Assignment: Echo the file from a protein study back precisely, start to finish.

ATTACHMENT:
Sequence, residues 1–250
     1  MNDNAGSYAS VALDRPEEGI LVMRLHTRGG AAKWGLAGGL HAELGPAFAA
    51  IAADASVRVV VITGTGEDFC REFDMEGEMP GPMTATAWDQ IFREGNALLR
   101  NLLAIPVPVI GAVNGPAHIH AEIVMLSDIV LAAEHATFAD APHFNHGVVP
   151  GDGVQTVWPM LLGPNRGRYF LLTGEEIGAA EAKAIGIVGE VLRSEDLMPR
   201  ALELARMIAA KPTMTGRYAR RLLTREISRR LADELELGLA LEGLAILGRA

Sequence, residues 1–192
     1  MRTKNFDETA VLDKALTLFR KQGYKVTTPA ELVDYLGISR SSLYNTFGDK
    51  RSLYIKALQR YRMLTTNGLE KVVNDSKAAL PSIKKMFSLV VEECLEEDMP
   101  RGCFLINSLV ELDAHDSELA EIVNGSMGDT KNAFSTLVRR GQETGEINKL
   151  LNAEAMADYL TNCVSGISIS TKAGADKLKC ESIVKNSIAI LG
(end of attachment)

Sequence, residues 1–250
     1  MNDNAGSYAS VALDRPEEGI LVMRLHTRGG AAKWGLAGGL HAELGPAFAA
    51  IAADASVRVV VITGTGEDFC REFDMEGEMP GPMTATAWDQ IFREGNALLR
   101  NLLAIPVPVI GAVNGPAHIH AEIVMLSDIV LAAEHATFAD APHFNHGVVP
   151  GDGVQTVWPM LLGPNRGRYF LLTGEEIGAA EAKAIGIVGE VLRSEDLMPR
   201  ALELARMIAA KPTMTGRYAR RLLTREISRR LADELELGLA LEGLAILGRA

Sequence, residues 1–192
     1  MRTKNFDETA VLDKALTLFR KQGYKVTTPA ELVDYLGISR SSLYNTFGDK
    51  RSLYIKALQR YRMLTTNGLE KVVNDSKAAL PSIKKMFSLV VEECLEEDMP
   101  RGCFLINSLV ELDAHDSELA EIVNGSMGDT KNAFSTLVRR GQETGEINKL
   151  LNAEAMADYL TNCVSGISIS TKAGADKLKC ESIVKNSIAI LG